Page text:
3. a quantity of electricity determined by the product of an electric current and the time for which it flows, measured in coulombs
  4. the total amount of electricity stored in a capacitor
  5. the total amount of electricity held in an accumulator, usually measured in ampere-hours q, Q
a load or burden
a duty or responsibility; control
a command, injunction, or order
(slang) a thrill
(law) the address made by a judge to the jury at the conclusion of the evidence
(heraldry) a design, device, or image depicted on heraldic arms: a charge of three lions
the solid propellant used in rockets, sometimes including the inhibitor
in charge, in command
in charge of
  1. having responsibility for
  2. (US) under the care of
Word Origin
C13: from Old French chargier to load, from Late Latin carricāre; see carry
Collins English Dictionary - Complete & Unabridged 2012 Digital Edition
© William Collins Sons & Co. Ltd. 1979, 1986 © HarperCollins
Publishers 1998, 2000, 2003, 2005, 2006, 2007, 2009, 2012
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Word Origin and History for chargé



early 13c., "to load, fill," from Old French chargier "to load, burden, weigh down," from Late Latin carricare "to load a wagon or cart," from Latin carrus "wagon" (see car). Senses of "entrust," "command," "accuse" all emerged in Middle English and were found in Old French. Sense of "rush in to attack" is 1560s, perhaps through earlier meaning of "load a weapon" (1540s). Related: Charged; charging. Chargé d'affaires was borrowed from French, 1767, literally "charged with affairs."


c.1200, "a load, a weight," from Old French charge "load, burden; imposition," from chargier "to load, to burden" (see charge (v.)). Meaning "responsibility, burden" is mid-14c. (e.g. take charge, late 14c.; in charge, 1510s), which progressed to "pecuniary burden, cost, burden of expense" (mid-15c.), and then to "price demanded for service or goods" (1510s). Legal sense of "accusation" is late 15c.; earlier "injunction, order" (late 14c.). Electrical sense is from 1767. Slang meaning "thrill, kick" (American English) is from 1951.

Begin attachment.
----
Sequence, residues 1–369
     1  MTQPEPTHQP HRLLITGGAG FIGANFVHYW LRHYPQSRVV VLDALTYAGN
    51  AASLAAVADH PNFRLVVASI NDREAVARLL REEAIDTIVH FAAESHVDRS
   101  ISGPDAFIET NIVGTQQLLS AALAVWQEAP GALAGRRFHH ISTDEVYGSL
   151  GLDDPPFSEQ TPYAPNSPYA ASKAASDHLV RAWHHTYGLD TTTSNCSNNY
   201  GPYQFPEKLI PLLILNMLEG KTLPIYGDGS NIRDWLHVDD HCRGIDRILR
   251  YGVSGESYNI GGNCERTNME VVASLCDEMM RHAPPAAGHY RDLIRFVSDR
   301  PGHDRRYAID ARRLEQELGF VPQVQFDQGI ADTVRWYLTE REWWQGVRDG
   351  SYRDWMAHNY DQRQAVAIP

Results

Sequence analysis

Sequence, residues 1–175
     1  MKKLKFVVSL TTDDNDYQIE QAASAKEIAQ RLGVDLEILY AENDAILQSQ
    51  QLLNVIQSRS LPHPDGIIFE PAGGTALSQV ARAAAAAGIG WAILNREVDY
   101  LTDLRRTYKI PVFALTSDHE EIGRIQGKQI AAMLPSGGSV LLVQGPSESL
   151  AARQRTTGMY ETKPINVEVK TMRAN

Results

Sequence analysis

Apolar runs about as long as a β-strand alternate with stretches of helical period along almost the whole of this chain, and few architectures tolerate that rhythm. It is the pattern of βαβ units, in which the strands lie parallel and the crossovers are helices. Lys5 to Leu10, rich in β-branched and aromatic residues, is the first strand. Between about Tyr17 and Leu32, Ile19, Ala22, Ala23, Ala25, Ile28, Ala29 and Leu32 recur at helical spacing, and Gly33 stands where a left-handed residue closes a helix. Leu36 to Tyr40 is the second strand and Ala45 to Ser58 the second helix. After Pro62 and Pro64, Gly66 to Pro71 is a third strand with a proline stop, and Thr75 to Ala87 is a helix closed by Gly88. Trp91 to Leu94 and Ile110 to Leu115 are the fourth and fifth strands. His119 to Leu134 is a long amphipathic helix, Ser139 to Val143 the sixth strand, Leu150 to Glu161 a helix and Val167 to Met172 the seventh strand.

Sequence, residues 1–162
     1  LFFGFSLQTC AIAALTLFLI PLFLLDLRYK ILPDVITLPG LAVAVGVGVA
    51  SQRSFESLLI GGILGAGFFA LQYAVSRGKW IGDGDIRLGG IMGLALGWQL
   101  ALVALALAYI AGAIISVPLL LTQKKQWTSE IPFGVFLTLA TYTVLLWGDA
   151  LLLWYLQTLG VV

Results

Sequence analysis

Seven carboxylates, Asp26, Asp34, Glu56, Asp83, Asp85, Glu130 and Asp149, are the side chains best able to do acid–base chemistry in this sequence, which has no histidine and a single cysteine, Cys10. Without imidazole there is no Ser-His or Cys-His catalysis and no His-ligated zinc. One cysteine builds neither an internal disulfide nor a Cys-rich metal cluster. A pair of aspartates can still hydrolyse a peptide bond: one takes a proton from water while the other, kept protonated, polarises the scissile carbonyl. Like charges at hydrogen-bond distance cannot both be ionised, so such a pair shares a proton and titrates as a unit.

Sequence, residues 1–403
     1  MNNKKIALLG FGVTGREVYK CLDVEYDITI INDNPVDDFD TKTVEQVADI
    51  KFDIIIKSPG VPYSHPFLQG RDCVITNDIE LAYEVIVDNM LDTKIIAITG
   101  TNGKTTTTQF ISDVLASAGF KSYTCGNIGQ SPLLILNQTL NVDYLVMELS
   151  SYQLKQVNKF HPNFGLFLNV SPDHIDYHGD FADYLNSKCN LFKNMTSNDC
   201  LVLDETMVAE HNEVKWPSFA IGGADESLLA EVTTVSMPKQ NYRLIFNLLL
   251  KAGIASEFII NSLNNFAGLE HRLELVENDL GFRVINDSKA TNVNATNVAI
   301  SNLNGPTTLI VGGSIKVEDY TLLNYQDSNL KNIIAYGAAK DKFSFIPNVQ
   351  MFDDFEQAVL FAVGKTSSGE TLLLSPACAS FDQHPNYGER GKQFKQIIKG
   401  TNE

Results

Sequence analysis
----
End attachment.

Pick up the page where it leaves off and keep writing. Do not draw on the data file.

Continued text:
Online Etymology Dictionary, © 2010 Douglas Harper
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chargé in Science
  1. A fundamental property of the elementary particles of which matter is made that gives rise to attractive and repulsive forces. There are two kinds of charge: color charge and electric charge. See more at color charge, electric charge.

  2. The amount of electric charge contained in an object, particle, or region of space.

The American Heritage® Science Dictionary
Copyright © 2002. Published by Houghton Mifflin. All rights reserved.
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Slang definitions & phrases for chargé


  1. An injection of a narcotic (1920s+ Narcotics)
  2. (also large charge) An acute thrill of pleasure; blast, kick, rush: What kind of ol' creep'd get a charge out of this stuff? (1930s+ Jazz musicians)
  3. Marijuana (1950s+ Narcotics)

To rob (1930s+ Underworld)

Related Terms

get a bang (or charge) out of someone or something, large charge

The Dictionary of American Slang, Fourth Edition by Barbara Ann Kipfer, PhD. and Robert L. Chapman, Ph.D.
Copyright (C) 2007 by HarperCollins Publishers.
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Idioms and Phrases with chargé
The American Heritage® Idioms Dictionary
Copyright © 2002, 2001, 1995 by Houghton Mifflin Company. Published by Houghton Mifflin Company.